“We” is the National Mustang Association/Colorado chapter. All the original founders since have left, but two people who joined the board shortly after its formation, Pati and David Temple, still are on the board today. In early 2008, Pati and David were two of the founding members of Disappointment Wild Bunch Partners, a coalition of groups that includes NMA/CO, Four Corners Back Country Horsemen and Mesa Verde Back Country Horsemen. Our goal was to bring all our voices to BLM as a single strong voice.
In 2011, with new management in the local BLM office and a roundup looming, BLM approved the implementation of a fertility control program using native PZP. We were ready! NMA/CO had sent me to Jay’s training and paid for my darting rifle.
Training with Jay was incredible. I did a lot of homework before I attended in order to write our PZP proposal, which was submitted in the spring of 2010. I was in contact with Jay before I attended the training, courtesy of one of my friends with Friends of the Mustangs (Little Book Cliffs herd). Interestingly, this person – and everyone else I had talked to – held Jay in such high esteem that he had become a rock star to me, someone to be admired, from afar. The idea that I could actually TALK to him had me shaking in my boots. When I finally gathered my courage and contacted him, I said as much. His response: “Ask me anything. I don’t bite.” When I finally met him, I might have freaked him out in my rush to give him a big hug! For making such a difference in the management of our wild horses, I can’t begin to thank him enough.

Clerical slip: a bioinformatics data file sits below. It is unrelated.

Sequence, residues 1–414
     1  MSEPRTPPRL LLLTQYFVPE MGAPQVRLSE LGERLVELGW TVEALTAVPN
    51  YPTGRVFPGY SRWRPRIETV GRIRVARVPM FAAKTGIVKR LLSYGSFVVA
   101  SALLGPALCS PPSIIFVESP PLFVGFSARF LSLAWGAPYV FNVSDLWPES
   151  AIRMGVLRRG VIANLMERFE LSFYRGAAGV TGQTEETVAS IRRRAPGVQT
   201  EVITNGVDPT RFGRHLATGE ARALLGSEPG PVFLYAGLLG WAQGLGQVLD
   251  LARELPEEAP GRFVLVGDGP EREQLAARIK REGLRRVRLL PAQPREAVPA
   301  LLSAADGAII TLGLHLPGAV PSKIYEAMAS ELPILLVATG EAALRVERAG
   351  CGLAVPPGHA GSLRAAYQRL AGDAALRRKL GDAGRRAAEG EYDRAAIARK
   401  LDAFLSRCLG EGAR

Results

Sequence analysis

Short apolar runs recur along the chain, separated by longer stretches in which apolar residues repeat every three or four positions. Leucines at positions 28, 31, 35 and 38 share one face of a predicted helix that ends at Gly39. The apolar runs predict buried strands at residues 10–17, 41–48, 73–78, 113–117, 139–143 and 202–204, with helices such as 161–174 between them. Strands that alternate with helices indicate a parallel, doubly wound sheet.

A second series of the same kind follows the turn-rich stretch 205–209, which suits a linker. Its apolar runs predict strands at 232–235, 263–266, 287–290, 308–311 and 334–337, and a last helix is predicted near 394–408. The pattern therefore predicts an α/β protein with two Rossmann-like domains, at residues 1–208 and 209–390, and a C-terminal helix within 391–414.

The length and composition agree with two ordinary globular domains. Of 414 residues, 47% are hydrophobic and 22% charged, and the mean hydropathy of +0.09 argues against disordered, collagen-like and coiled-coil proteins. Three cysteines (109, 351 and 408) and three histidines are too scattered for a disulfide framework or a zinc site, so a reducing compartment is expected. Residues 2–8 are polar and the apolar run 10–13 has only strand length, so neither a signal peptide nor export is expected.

This winter will be the second season of darting in Spring Creek Basin. We won’t know until this spring how successful last year’s darting was – until the treated mares DON’T have foals. It’s important to know that nothing in the natural world is 100 percent, and it doesn’t happen overnight. A mare’s gestational cycle lasts 11 months – in effect, a year.
A couple of months ago, I told Jay that of the 10 mares we darted, only one – a 2-year-old filly – had changed bands. That’s pretty natural. So much for the hype that PZP will cause mass chaos and upheaval among the bands because the mares continue to come into heat every month. As of now, only one other mare has changed bands. In fact, more mares that were not treated have changed bands. The reaction to being darted has been nearly uniform: They trotted off a short way, then went back to grazing.
It’s important to mention that we don’t want to stop the population growth of the herd in Spring Creek Basin but rather slow it, with the goal of limiting roundups and the number of horses removed – which is necessary to enable the range to sustain a healthy population of mustangs – in favor of in-the-wild management. Also, we hope BLM will move from helicopter-driven roundups to bait trapping, as was successfully done on Pryor Mountain last year.